To win in poker, you need to know three words; aggression, aggression and aggression
One hand that caught my eye from the World Series of Poker Main Event involved Paul Snead and Scott Montgomery. With just 21 players left they played a huge pot – one that would catapult Montgomery towards a place at the final table in November, and leave Paul Snead’s dreams in tatters.
With blinds at 50,000/100,000/ 10,000 Snead raised to 300,000 on the button, Montgomery re-raised (three-bet) to 800,000 from the big blind, and Snead called. On a flop of J?-3?-10?, Montgomery bet out 1.5m, Snead re-raised to 3m, and Montgomery shoved all-in for an additional 1.75m more. Snead tanked for over five minutes (despite the generous pot odds) and eventually called after having had the clock put on him. Everyone waited for the two powerhouse hands to be turned over, but Montgomery sheepishly tabled A?-4? and Snead flipped J?-7? for top pair, no kicker. A third heart on the turn reduced Montgomery’s outs to just two Aces, one of which miraculously came on the river.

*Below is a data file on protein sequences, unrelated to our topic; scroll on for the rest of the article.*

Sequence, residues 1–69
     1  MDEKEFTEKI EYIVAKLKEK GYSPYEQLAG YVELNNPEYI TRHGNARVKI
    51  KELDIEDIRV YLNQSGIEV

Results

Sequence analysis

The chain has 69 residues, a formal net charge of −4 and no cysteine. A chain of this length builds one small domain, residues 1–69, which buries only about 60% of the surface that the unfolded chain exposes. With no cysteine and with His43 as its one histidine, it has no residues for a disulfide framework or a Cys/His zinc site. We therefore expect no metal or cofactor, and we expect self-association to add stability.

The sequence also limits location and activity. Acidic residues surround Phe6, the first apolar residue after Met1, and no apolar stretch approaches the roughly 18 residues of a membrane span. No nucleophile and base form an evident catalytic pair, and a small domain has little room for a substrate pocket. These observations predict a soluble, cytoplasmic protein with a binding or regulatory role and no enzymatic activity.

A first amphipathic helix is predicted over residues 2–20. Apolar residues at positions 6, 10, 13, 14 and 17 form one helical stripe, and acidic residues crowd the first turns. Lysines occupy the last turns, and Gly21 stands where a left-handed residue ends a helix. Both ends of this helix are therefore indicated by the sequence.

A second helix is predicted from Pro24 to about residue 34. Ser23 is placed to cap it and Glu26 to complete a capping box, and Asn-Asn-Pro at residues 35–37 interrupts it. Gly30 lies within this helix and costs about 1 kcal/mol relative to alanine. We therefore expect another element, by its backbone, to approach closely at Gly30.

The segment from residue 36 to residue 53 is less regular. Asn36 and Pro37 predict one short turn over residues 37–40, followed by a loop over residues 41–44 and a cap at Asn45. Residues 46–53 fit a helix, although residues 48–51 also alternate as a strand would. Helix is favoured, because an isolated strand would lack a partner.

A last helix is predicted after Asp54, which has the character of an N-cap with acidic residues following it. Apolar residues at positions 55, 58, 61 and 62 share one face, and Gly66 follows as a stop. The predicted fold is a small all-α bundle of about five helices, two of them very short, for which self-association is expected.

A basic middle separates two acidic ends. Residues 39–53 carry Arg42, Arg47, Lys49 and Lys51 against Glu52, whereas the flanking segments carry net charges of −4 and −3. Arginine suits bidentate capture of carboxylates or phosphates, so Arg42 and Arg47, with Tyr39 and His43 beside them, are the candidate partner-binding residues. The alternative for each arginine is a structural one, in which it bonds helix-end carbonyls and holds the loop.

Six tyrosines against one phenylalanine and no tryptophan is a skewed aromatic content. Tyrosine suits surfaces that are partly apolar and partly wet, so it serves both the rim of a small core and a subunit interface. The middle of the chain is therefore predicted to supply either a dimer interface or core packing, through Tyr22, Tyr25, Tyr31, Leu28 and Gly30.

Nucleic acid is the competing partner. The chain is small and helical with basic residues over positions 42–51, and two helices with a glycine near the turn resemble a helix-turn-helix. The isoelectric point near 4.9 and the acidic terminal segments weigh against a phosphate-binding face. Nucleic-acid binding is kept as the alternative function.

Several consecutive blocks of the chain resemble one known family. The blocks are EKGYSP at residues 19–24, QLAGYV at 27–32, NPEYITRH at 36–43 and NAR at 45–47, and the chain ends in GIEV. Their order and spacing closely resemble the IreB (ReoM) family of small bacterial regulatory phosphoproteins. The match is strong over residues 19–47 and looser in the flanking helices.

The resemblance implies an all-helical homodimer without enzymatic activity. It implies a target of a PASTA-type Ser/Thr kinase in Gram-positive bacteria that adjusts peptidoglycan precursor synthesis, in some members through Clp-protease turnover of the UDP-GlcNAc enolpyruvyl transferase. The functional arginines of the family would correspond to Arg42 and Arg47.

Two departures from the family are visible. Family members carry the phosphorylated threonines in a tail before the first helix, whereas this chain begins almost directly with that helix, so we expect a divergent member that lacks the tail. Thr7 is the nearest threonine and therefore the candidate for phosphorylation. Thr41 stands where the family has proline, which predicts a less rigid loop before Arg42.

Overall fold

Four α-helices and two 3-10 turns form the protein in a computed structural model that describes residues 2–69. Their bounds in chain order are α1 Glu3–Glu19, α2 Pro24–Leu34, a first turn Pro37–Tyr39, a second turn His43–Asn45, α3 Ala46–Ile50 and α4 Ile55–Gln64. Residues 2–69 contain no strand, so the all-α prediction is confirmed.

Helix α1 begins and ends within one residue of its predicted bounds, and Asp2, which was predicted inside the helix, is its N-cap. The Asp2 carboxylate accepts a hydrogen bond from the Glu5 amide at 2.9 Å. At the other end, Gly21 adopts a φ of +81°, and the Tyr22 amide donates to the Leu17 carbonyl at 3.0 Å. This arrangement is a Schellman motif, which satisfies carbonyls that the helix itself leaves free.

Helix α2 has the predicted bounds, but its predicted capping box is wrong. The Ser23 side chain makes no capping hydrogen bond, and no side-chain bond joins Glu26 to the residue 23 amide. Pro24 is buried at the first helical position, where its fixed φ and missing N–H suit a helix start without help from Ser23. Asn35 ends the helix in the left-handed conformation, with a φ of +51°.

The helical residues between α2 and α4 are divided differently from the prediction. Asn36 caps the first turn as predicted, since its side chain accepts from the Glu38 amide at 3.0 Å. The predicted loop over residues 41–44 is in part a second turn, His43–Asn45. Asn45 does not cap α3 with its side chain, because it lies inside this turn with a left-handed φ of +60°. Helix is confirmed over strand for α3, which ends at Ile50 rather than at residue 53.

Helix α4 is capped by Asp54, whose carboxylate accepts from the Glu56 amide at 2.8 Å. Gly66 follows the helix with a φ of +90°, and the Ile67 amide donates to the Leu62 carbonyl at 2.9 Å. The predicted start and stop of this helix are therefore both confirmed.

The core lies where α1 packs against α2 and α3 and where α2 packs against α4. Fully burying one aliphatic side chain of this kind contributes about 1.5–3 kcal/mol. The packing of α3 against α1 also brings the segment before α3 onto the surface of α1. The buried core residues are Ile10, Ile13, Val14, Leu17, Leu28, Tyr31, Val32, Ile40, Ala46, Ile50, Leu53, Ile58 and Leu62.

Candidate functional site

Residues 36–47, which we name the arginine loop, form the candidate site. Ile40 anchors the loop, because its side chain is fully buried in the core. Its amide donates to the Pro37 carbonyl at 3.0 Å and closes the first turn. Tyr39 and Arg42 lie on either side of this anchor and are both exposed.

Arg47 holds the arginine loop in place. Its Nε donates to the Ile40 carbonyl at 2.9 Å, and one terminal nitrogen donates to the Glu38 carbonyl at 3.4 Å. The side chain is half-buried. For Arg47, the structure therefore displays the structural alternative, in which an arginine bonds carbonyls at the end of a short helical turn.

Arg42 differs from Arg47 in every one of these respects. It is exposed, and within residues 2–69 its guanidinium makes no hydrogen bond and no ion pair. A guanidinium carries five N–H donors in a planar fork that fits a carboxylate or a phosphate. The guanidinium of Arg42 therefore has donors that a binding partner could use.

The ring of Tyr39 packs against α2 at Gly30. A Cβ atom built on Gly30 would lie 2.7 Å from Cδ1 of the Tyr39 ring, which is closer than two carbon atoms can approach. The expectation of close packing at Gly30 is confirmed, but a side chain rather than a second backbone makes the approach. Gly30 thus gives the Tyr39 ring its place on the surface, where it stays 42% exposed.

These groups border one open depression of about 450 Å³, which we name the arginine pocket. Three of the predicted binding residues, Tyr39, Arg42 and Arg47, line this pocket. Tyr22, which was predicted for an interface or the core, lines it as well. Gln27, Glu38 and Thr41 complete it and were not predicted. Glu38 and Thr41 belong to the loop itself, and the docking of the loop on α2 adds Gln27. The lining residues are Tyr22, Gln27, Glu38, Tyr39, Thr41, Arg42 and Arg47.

Leaving aside any mistakes made in the hand, it illustrates the changing nature of poker and just how aggressive the game has become. To win in today’s game, you need to adapt and follow the lead taken by Snead and Montgomery.
For the win!
Another time when aggression is crucial is at the end of a sit-and- go, where the difference between first and second place can be as much as two buy-ins.
When you get to heads-up and the blinds are sky-high it can often seem like the luckiest player triumphs, but on it’s possible to play perfect, unexploitable heads-up poker, which will see you take the tourney down far more. Don’t worry if you don’t understand all the sums behind this theory, just keep aware of what you should be pushing and what should be mucked the next time you’re heads-up in a sit-and-go, and reap the rewards.